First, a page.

Ten Traits of Resilience Achieving Positivity and Purpose in School Leadership£19.99
- Short, snappy but poignant and interesting.
- Realistic, full of anecdotes but with well-reasoned explanations.
- Draws wide range evidence, and well referenced.
- Helpful and encouraging whilst being thought provoking and challenging.
- The ideas are simple but not easy. It deserves to be read widely and often.
Review compiled by: Peter Hall
Supported by: Bloomsbury Education Publishing
This book is remarkable gem. It is easy to read but offers great challenge and inspiring ideas in a carefully explained and encouraging way.
The author draws on his experience, in an honest and true-to-life style. He is open and honest and shares some of his worst experiences in a modest and humble style. As I picked up the book I wasn’t sure that resilience was the key feature of leadership that I would have highlighted – I think I would have wanted resilience in my top ten characteristics of good leadership, following other books and courses I’ve been on I’m sold on the benefits – but I was slightly surprised to find a book putting resilience at the heart. Until I started reading, and quickly I was convinced.
Chapter by chapter another strand of resilience is explained – and the obvious necessity becomes clearer and clearer. The author likens each of the ten traits to a balloon holding a basket aloft, so a good leader needs multiple traits for their success and well-being. Each chapter is a delight to read, written in a simple, readable and encouraging style. There are many quotations from a wide cross-section of sources and many examples of school leadership in practice.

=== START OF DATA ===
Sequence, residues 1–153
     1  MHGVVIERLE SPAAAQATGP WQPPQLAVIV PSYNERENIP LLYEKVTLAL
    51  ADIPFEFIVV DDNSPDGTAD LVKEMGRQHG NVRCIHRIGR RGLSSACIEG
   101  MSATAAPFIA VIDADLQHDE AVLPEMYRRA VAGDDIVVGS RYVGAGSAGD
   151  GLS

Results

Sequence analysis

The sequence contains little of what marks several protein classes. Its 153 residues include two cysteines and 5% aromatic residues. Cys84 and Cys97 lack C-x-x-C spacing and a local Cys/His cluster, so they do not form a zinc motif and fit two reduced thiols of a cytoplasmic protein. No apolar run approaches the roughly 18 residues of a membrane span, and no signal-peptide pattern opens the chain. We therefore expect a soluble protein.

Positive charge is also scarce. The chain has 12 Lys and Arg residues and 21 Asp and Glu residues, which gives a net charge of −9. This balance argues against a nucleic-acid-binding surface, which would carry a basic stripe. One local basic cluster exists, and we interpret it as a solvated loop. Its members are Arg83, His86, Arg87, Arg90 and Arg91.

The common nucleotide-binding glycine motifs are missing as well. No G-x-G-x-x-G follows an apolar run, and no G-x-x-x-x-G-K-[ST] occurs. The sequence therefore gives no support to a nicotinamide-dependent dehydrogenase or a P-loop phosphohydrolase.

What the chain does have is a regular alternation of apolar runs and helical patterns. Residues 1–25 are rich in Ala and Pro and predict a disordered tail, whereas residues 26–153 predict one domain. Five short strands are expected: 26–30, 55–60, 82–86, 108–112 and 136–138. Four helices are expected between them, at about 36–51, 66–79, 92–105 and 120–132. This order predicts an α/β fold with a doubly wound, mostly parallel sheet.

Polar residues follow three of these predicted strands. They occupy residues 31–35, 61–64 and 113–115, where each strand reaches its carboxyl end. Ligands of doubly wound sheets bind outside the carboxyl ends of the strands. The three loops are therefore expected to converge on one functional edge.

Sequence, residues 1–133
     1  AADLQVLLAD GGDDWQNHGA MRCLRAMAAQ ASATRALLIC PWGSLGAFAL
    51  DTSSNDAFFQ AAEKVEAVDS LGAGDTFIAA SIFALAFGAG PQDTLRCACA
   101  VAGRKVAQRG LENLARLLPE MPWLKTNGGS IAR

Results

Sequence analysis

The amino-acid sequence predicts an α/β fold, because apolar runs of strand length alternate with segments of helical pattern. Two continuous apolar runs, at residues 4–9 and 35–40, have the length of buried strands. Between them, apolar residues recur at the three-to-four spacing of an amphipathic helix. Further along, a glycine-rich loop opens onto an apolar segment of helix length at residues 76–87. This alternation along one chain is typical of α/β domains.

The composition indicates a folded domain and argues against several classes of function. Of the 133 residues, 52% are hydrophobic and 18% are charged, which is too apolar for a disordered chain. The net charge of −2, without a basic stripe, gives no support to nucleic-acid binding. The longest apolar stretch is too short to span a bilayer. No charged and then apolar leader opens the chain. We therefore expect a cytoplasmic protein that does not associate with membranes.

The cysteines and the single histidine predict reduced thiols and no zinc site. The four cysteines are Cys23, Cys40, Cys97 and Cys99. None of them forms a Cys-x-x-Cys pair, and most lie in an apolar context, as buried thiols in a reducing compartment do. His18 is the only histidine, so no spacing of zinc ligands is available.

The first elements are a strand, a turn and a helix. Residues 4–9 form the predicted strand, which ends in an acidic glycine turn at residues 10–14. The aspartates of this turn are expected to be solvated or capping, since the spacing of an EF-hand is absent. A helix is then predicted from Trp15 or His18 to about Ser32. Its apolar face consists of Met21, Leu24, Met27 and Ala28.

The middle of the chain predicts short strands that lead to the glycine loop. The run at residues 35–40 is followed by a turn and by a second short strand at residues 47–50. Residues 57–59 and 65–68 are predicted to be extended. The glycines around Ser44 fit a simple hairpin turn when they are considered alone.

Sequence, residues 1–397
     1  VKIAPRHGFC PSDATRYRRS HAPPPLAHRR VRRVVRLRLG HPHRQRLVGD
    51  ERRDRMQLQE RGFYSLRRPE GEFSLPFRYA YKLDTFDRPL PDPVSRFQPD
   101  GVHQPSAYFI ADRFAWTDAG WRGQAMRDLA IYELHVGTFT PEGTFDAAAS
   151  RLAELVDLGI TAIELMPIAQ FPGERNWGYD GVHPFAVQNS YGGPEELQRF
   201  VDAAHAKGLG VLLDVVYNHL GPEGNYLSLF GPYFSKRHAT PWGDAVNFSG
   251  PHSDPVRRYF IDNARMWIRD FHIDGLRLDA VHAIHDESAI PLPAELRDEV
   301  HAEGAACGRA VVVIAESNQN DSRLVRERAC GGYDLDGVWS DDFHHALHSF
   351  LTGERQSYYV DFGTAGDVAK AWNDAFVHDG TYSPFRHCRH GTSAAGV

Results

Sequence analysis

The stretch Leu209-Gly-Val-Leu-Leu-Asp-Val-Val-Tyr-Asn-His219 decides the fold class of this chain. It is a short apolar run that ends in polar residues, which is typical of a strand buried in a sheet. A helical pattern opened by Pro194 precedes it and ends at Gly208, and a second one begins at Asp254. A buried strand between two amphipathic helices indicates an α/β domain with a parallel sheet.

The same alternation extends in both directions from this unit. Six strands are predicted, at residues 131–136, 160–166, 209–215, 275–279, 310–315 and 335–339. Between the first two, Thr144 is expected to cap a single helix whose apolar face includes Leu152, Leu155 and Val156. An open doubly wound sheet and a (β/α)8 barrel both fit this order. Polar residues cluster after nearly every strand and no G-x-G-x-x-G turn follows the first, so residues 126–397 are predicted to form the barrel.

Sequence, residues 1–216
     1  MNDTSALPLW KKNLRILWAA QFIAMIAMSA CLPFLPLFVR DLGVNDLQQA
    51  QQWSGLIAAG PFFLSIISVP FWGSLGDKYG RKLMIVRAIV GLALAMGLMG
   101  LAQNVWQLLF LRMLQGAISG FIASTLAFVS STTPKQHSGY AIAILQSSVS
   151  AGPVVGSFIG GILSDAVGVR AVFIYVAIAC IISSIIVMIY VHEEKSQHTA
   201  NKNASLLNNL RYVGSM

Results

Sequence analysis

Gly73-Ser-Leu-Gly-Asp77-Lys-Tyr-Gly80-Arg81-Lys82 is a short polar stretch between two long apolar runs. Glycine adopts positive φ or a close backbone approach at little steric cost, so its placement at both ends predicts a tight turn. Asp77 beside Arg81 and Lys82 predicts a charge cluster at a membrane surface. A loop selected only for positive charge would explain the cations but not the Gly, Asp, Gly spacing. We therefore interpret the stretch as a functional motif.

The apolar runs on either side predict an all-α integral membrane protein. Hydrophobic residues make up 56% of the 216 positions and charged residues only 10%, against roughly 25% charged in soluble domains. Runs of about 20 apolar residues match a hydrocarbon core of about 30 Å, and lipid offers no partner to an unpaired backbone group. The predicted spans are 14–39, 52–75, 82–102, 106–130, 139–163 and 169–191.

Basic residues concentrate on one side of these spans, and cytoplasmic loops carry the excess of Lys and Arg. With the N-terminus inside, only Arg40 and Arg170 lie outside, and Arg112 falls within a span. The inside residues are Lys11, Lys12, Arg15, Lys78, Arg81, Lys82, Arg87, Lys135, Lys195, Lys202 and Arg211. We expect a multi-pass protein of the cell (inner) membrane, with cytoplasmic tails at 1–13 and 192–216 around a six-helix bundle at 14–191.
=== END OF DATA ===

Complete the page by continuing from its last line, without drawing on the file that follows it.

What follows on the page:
The author also invites much pause for reflection, asking some thought-provoking and helpful questions, and giving space to write the answers in the book. This would be an excellent book for a group of leaders to work on together and could easily form the basis of some very helpful CPD for a group of staff. I will return to this book again and again, partly because the ideas are very simple but very deep and I know I’ll benefit from re-reading and reflecting on the content but I think also because much of the ideas will take time for me to really understand them and put them into practice.
I don’t think I’m spoiling the book in sharing the ten traits; a sense of purpose, optimism, trust, courage, decisiveness, asking for help, a sense of fun, curiosity, taking care of yourself and others and turning adversity into opportunity. Just the headings are enough to show the grounded nature of the author’s approach. This is not a theoretical tome but it manages to combine helpful illustrations and examples with clearly discussed ideas.
I’ve read it rather quickly and look forward to reading each chapter again, answering the questions, reflecting more on each point and each question. Even with a fairly rapid read, I’ve been inspired to think about my purpose in leading others, and been challenged not just to try harder, but to be more purposeful and to recognise the opportunities to develop the traits mentioned. I fear we can become too obsessed with one trait above others, and maybe there are seasons where one is more needed, but this book has given me a larger picture and reminded me to step back and re-focus. And to find opportunities to develop these traits in those I work with, and especially in those I lead.
This book is a remarkable gem. The ideas are simple but not easy. It deserves to be read widely and often.
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